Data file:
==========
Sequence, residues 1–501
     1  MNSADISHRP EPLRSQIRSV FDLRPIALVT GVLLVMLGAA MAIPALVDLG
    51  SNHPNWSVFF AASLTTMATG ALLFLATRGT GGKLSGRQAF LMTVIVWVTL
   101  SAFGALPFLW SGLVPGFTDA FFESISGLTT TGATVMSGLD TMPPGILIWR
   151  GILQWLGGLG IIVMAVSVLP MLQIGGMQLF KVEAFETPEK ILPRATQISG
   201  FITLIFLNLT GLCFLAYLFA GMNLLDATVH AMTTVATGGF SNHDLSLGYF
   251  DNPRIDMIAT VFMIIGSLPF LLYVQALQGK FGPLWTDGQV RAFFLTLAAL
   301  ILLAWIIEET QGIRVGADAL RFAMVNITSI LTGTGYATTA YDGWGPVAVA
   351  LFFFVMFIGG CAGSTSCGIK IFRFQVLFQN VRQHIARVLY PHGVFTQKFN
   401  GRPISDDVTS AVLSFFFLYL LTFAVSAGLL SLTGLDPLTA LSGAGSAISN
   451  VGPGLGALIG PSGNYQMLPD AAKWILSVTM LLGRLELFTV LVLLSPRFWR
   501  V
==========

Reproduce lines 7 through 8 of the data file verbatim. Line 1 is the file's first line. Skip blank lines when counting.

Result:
   251  DNPRIDMIAT VFMIIGSLPF LLYVQALQGK FGPLWTDGQV RAFFLTLAAL
   301  ILLAWIIEET QGIRVGADAL RFAMVNITSI LTGTGYATTA YDGWGPVAVA